Temps well below zero, gale force winds attempting to cleanse the surrounding landscape, snow blowing so hard that it seems more like shrapnel. Survival is not for the fastest, the strongest, or the toughest. It’s meant for those who will make the commitment, which seems beyond human understanding when done alone. Where talking with the grandfather of the slain boy, Virgil White Buffalo (is he real or a vision?), can make it next to impossible to distinguish reality from Indian mystical forces that guide the living to the Camp of the Dead or the Beyond Country, depending on your tribal tales. Walt comes to appreciate repeated references to Dante’s Inferno as he truly experiences that Hell really in empty because all the Devils are here on Earth and have zeroed in on the Cloud Peak Wilderness.

I think Longmire must be a descendant of Jeremiah Johnson as he calls on all his skills and determination to catch Raynoud Shade and resist repeated attempts to be called to the Camp of the Dead. Longmire’s posse of family and friends (Henry Standing Bear, daughter Cady, Vic, the Ferg, Ruby, Lucien) are little more than onlookers as this tale, once the chase is on, focuses almost entirely on Longmire and he straddles the fence between the Beyond Country and reality.

I was left with the feeling that if someone randomly picked up this book at the library, they might not come back because this really was a dark tale that got darker with each passing page. And that would be a shame. For those who’ve read this series from the beginning, this is a stellar character study of survival with little of the camaraderie that makes this series so infectiously readable and entertaining. By all means, I really hope you choose to read this book, but do so only after you’ve developed a bit of a relationship with this engaging cast that live on the high prairie. And make sure you dress warm when you read this one as the descriptions of the weather and the Wilderness will chill you right down to your marrow.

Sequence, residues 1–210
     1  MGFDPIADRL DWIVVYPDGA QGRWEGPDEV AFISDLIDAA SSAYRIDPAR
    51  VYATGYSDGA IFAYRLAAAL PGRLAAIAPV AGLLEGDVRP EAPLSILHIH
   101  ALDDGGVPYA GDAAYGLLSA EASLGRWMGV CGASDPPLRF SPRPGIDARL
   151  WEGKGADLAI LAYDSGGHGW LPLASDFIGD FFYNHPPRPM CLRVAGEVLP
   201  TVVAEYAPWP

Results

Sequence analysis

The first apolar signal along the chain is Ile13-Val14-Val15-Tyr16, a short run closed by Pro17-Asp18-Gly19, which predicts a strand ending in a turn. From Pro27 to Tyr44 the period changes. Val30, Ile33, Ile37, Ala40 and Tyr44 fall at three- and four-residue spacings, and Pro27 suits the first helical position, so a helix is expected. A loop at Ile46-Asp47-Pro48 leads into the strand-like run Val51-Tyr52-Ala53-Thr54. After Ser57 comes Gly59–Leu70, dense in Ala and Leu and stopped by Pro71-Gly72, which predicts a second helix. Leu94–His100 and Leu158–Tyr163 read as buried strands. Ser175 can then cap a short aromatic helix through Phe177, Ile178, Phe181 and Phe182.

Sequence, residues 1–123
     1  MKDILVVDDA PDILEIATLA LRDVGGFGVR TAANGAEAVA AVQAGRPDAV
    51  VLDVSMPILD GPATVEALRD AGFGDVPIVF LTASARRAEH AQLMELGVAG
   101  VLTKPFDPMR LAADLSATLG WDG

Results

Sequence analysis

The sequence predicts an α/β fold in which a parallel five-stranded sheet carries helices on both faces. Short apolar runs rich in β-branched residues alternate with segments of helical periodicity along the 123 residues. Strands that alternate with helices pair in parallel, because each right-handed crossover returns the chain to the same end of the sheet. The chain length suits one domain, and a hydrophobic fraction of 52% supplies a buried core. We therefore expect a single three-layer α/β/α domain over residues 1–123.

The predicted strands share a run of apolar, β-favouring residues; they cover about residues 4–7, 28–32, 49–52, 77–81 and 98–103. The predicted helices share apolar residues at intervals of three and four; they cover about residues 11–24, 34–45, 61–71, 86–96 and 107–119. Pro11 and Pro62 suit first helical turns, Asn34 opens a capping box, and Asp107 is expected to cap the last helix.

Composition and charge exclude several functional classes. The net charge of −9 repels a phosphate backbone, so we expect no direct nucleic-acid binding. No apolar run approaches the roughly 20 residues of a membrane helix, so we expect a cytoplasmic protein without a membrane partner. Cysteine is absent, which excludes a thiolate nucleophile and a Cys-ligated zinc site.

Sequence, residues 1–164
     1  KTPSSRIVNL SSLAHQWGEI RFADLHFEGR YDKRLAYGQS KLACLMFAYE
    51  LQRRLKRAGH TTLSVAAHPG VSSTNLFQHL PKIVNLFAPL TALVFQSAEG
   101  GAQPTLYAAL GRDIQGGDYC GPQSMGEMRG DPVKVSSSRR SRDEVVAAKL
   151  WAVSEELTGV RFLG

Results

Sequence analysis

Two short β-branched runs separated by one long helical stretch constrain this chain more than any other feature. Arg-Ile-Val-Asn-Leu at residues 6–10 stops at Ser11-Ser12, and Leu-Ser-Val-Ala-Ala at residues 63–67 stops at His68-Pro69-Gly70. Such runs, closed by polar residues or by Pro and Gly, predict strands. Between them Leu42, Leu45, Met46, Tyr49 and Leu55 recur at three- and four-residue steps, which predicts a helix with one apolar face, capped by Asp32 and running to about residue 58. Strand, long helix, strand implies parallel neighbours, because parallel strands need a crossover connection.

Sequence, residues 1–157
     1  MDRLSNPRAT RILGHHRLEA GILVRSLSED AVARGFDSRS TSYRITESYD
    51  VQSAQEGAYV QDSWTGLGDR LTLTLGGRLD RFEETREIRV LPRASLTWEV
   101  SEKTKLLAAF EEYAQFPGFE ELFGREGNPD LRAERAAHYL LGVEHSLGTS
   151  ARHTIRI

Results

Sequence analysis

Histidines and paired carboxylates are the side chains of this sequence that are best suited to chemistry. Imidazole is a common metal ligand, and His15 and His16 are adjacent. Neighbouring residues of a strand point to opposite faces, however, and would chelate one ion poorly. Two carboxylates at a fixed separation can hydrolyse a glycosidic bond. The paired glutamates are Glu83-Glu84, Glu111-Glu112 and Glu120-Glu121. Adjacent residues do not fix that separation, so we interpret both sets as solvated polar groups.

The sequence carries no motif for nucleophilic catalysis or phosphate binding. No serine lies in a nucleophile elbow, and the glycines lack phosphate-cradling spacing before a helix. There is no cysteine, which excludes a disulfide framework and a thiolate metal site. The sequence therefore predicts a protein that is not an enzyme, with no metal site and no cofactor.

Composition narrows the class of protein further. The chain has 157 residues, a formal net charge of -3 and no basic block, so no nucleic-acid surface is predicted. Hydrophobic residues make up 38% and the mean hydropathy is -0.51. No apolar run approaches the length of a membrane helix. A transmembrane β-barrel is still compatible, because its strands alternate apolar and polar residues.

East Coast Don


Tuesday, December 2, 2014

David Copperfield by Charles Dickens

David Copperfield is thought to be Charles Dickens’ personal favorite of his works as it draws from so many of his own experiences.  The story tells about the life of an impoverished child, David Copperfield, who grows up in and around London in the 19th century and against much adversity develops into a successful novelist. 

David is born fatherless and his mother remarries when he is a young boy.  His stepfather, Mr. Murdstone is abusive and sends him off to boarding school.  Here he meets two of his life-long friends, Tommy Traddles and James Steerforth.  While away at school, David’s mother dies and Murdstone pulls David out of school and puts him to work in his factory.  He rents a room from the Micawber family who also become life-long allies.  Copperfield escapes the life of child labor and seeks out his only living relative, Aunt Betsy Trottwood.  She recues him from his stepfather and enrolls him in school in Canterbury.  Here he is housed by Aunt Betsy’s trusted man of business, Mr. Wickfield and his daughter, Agnes and meets Wickfield’s deceitful employee, Uriah Heep.  He loves Agnes as a sister and she proves to be a valuable confidant.  After completing his schooling, David begins legal training under Mr. Spenlow and falls in love with Spenlow’s daughter, Dora. David is bored with legal work and turns to his passion, writing.  His writing skill soon allows him to earn a living as an author.

Spenlow disapproves of David dating his daughter but after the lawyer’s untimely death, David and Dora marry.  Dora turns out to be childish and petty, not well suited to David’s intellect.  But he loves her anyway and they try to start a family.  Weakened by a miscarriage, Dora dies.

Meanwhile, Uriah Heep weasels his way into a partnership with Mr. Wickfield and hires Mr. Micawber as a clerk.  Heep intends to marry Agnes but she sees through him and is repulsed.  Micawber is distraught by Heep’s fraudulent dealings and conspires with David and Traddles to expose Heep.  While traveling through Europe working at his writing and mourning his loss of Dora, David discovers his true love.


I don’t know what to say about a classic that has not already been said.  The writing style is eloquent and is as much a part of the experience as the story itself.  A great diversion from my usual genre.